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Starting to Get New Business Ideas

The location and development of viable business ideas is as much an art, or matter
of luck, as the use of systematic techniques. Certainly, you can use structured
approaches, as described below, but the reality is that having the right background,
being in the right place at the right time, and working hard to create lucky breaks
are likely to be just as important in coming up with sound business ideas.

The concepts presented below represent a series of checklists. They need not be
followed systematically and, most certainly, they should not be perceived as a sure-
fire recipe. Instead, view them as a series of menus from which you can pick and
choose according as your thoughts develop. Probably, the only issue which everyone
searching for new business ideas should review systematically is their own strengths
and weaknesses and to use this as their key building block and jumping off point.

Need More Assistance? Have a look at:

Exl-Plan Multi-year Financial Projections (with Excel)
Cashflow Plan Short-term Cashflow Forecasts (with Excel)
Plan Write Comprehensive Business Planner
Plan Write Marketing Planner
Plan Write Expert Business Planner
Quick Insight Business Idea Assessor
Business Insight Business Strategy Evaluator

2. Before Searching for Business Ideas
The starting point for developing new business ideas lies inside the prospective
entrepreneur rather than in the marketplace, laboratory, business plan etc. You are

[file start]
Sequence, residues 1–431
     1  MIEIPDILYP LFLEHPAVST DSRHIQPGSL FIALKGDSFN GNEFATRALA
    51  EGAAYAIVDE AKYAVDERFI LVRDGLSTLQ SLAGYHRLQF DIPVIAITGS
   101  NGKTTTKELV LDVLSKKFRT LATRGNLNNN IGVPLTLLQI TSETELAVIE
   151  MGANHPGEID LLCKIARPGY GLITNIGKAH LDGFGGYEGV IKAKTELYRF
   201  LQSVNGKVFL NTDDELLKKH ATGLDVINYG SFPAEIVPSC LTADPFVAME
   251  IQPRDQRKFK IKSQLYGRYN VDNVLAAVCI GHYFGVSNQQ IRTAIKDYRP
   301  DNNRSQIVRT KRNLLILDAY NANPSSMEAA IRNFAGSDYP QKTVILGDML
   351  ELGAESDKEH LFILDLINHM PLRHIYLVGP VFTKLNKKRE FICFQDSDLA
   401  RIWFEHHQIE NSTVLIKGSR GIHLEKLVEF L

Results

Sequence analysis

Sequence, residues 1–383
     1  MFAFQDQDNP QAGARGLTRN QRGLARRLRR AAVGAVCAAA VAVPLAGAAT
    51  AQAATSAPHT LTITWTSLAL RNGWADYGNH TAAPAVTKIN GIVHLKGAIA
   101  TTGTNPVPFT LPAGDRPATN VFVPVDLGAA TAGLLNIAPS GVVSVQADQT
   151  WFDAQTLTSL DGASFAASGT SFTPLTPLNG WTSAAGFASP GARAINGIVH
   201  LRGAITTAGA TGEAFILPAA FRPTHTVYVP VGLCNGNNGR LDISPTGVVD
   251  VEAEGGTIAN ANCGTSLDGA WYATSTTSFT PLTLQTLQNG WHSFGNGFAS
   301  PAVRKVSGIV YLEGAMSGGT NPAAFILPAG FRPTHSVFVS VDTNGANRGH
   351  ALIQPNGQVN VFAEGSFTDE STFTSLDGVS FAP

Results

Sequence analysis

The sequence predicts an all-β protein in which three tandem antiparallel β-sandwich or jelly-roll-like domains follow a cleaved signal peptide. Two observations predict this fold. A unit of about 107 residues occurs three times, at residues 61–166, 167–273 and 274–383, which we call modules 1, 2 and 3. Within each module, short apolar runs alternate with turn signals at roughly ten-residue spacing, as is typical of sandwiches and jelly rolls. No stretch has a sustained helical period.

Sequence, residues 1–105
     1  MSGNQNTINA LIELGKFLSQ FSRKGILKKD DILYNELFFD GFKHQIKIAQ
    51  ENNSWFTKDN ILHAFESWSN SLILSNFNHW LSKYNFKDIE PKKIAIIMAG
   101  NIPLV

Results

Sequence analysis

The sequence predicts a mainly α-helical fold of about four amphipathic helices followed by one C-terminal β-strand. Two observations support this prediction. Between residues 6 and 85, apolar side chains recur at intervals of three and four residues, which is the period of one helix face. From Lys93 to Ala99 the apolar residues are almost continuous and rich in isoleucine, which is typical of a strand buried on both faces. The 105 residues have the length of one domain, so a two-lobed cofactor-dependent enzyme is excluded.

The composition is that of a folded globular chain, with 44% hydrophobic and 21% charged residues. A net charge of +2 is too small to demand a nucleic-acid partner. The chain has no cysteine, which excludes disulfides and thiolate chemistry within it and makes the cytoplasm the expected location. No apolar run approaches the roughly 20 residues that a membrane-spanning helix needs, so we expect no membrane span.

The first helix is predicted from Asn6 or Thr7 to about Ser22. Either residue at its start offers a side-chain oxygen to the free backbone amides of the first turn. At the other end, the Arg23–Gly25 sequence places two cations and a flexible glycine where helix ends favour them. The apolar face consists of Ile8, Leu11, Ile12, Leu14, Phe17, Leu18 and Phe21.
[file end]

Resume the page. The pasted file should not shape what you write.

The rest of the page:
the critical component - it is your strengths and weaknesses which should dictate the
areas in which to seek ideas and the likely scale & scope of your business. At the end
of the day, support for your business by financiers, suppliers, customers etc. will also
be a vote of confidence in your abilities to make it successful.

You should build on your strengths and surmount or work around your
weaknesses, and possibly cut your cloth to meet your main limitations. For
example, there is little point in searching for capital-intensive or knowledge-based
ideas if you have slim/no prospects of raising the necessary capital or if your
educational background is unsuitable. OK, OK, we have all heard stories of garage-
starts by school drops-out

which attracted venture capital and eventually became mega-businesses, but we

don't hear so much about the huge numbers of failures.

What angle are you coming from? Are you:

• An inventor who has a product/service idea?
• An innovator who has developed a new product/service?
• Out of work and want to create a job for yourself?
• An entrepreneur who wishes to create a business?
• A manager who wishes to develop a business?

Be especially aware that inventors and innovators does not necessarily make good
business people.

Areas where you should make honest assessments of your strengths and
weaknesses include the following:

Educational background

• Any (special) business or technical qualifications?
• Do you have a knowledge of finance & marketing?
• Are you up-to-date with business-related issues?

Financial strengths